“Lawsuits are war. It’s as simple as that and they all begin the same way; a declaration of war: the complaint.” -John Grisham, A Civil Action. After the complaint, the war is waged through discovery until final judgment or settlement. Litigation attorneys are constantly strategizing, planning and calculating how to gain the competitive advantage. We are trained to wage these wars against our adversaries in a civil, professional manner. Sometimes civility and professionalism break down in the process. Regardless, during the lawsuit, one party may feel that the other party is not fighting fair by disobeying court orders. It is incumbent upon the aggrieved party to level the battlefield by forcing compliance with the court’s orders. This is especially true in the discovery context. This article details the usage of a Motion to Enforce Litigants Rights as a tool to keep you adversary honest.
As we move through life, our parents who cared for and protected us in our youth often become the ones in need of care and protection. Illness, disease and natural aging erodes memory, faculties and routine decision-making skills. This is undoubtedly a confusing and frightening experience for the parent who now struggles with day to day activities. It is equally taxing on the children who must balance the emotions and responsibilities they feel while witnessing their once revered and trusted parent deteriorate. At some point, it may become necessary for the child to make decisions in the best interest of the elderly parent regarding their finances or medical treatments. New Jersey law recognizes two simple documents through which the elderly parent can voluntarily cede decision making power to a trusted individual in the event of incapacity. These documents are called powers of attorney and advance directives for health care. The contents of this article will analyze and explain the process and benefits to having a power of attorney and advance health care directive.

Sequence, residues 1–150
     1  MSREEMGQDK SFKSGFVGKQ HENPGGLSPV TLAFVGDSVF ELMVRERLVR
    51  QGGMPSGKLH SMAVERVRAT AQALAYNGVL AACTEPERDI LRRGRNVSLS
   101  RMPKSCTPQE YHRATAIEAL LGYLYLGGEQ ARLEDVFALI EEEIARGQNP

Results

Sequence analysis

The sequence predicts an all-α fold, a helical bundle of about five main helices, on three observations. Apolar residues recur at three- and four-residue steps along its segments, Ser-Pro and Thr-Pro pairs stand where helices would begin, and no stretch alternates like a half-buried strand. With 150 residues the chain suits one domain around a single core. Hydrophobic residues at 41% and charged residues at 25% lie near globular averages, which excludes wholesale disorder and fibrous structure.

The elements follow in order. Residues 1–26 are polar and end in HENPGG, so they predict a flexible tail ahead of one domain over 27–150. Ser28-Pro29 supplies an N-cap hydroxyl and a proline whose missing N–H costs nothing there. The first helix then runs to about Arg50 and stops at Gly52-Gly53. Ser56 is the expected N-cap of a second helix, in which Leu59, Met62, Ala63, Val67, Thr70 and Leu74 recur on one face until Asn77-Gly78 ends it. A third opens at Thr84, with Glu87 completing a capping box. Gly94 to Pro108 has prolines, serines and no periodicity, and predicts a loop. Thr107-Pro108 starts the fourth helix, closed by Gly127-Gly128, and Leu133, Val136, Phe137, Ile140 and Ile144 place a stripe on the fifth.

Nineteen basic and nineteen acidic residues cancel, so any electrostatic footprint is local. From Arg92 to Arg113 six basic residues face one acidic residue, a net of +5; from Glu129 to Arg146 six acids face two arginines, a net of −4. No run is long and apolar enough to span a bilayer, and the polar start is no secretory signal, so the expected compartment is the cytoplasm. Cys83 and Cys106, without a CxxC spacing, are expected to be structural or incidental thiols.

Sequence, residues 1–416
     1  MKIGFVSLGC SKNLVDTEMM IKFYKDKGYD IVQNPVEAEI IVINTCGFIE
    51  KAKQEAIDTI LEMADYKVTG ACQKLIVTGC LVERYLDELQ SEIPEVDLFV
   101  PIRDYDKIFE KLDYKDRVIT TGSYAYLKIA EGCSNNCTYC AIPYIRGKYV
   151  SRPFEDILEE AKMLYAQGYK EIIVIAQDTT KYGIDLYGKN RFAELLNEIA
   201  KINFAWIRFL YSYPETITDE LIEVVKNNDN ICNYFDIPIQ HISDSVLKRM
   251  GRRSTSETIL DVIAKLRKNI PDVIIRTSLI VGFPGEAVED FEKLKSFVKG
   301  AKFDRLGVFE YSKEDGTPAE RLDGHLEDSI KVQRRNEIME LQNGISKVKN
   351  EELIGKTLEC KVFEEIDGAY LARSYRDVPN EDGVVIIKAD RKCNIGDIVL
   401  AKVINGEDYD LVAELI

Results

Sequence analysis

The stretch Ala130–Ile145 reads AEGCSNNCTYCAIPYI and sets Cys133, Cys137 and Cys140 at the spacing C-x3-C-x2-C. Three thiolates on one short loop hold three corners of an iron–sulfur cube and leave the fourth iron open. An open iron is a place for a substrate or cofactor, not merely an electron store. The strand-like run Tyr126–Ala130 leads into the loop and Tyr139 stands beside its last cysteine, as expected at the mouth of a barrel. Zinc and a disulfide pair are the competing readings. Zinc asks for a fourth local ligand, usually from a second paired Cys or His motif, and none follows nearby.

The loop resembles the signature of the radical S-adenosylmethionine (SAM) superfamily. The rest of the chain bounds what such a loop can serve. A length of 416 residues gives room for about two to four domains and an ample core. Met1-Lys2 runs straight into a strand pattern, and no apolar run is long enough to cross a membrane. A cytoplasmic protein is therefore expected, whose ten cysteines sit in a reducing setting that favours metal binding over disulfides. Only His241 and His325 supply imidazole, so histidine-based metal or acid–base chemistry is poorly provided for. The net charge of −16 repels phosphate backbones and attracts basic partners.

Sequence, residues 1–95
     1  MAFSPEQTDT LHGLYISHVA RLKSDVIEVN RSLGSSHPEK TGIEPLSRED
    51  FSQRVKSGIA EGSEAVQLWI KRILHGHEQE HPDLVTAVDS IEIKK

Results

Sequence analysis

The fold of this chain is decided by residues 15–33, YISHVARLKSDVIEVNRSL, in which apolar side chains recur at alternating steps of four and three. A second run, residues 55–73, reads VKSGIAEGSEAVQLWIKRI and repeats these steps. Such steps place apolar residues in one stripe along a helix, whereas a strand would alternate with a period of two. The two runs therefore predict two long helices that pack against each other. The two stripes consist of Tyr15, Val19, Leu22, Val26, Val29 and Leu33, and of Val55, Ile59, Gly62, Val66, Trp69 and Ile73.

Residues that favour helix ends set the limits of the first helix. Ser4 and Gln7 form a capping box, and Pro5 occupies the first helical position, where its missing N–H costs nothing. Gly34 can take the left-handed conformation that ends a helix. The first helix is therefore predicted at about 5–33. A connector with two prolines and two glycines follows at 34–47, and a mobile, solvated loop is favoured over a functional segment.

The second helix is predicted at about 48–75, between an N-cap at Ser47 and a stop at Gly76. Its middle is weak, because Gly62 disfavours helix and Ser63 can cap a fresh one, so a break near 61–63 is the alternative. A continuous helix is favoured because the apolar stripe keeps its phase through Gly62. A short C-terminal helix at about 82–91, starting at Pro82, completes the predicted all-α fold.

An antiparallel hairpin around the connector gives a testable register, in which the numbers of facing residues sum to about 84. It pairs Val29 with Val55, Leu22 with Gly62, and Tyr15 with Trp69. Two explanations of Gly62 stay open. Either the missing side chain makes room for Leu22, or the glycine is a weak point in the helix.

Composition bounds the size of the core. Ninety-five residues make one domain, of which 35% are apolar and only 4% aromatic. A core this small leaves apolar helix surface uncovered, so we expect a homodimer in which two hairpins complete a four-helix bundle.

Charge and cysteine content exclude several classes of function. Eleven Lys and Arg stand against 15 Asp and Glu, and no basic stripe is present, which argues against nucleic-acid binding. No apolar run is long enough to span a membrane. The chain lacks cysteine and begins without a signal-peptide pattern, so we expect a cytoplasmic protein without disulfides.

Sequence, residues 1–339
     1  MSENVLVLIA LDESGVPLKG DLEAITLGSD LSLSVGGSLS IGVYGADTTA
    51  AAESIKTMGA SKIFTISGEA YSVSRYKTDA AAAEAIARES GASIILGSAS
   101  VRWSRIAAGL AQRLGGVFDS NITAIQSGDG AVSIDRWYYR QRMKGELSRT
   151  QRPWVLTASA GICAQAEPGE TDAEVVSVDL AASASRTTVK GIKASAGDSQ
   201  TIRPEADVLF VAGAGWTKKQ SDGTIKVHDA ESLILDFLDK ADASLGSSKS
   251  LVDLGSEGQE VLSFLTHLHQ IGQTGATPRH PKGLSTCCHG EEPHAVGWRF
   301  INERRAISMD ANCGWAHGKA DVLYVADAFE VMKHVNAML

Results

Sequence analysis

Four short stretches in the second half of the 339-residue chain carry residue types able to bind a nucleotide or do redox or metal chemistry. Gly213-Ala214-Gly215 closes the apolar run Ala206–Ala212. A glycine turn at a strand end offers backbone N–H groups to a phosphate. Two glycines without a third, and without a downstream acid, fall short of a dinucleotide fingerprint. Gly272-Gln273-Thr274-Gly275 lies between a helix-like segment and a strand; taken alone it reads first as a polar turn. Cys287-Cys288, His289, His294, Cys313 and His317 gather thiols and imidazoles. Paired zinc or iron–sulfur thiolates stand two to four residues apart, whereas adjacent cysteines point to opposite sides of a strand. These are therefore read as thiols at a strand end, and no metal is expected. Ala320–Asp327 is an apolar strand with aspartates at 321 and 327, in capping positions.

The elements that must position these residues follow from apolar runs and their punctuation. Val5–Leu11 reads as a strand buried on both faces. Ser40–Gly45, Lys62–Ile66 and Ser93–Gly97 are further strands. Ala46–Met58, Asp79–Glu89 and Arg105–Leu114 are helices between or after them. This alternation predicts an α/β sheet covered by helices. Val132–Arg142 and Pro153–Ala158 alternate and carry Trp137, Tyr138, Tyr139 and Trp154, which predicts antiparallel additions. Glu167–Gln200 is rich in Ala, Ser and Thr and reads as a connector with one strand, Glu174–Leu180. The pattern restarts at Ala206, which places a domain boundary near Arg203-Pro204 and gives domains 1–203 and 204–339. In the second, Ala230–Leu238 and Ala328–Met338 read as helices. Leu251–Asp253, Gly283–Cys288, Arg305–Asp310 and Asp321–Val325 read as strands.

Foreclosure is the judicial process by which a lender takes title and possession to property after a homeowner stops making mortgage payments. Generally, a “mortgage” is comprised of a promissory note (the “Note”) and a mortgage (the “Mortgage”). The Note memorializes the money lent to the homeowner to fund the purchase, the terms of repayment, and the borrowers promise to repay the money lent. The Mortgage is the “security” for the Note i.e. it gives the lender the right to take the property if the Note isn’t repaid. The Sheriff then sells the property at public auction and the money received is given to the lender as repayment for the Note. New Jersey is a judicial foreclosure state, meaning the lender must go through the courts to foreclose upon a property. A lender cannot resort to “self-help” by changing locks or just showing up and demanding the owner vacate the premises.
Remodeling or adding to your home is often a necessary undertaking to stay current and accommodate a growing family. It is also a stressful and costly endeavor. During the process, homeowners struggle for months, if not years, over plans, drawings, finances, carpets vs. hardwood, paint color and especially, which contractor to trust with the job. These are just the initial stressors of the undertaking and can be the least of a homeowner’s problems if the wrong contractor is hired. Luckily, the New Jersey Consumer Fraud Act (“NJCFA”) applies to most “home improvement contracts” and can be useful tool in the event of unforeseen delays, defects, disagreements, or rising costs.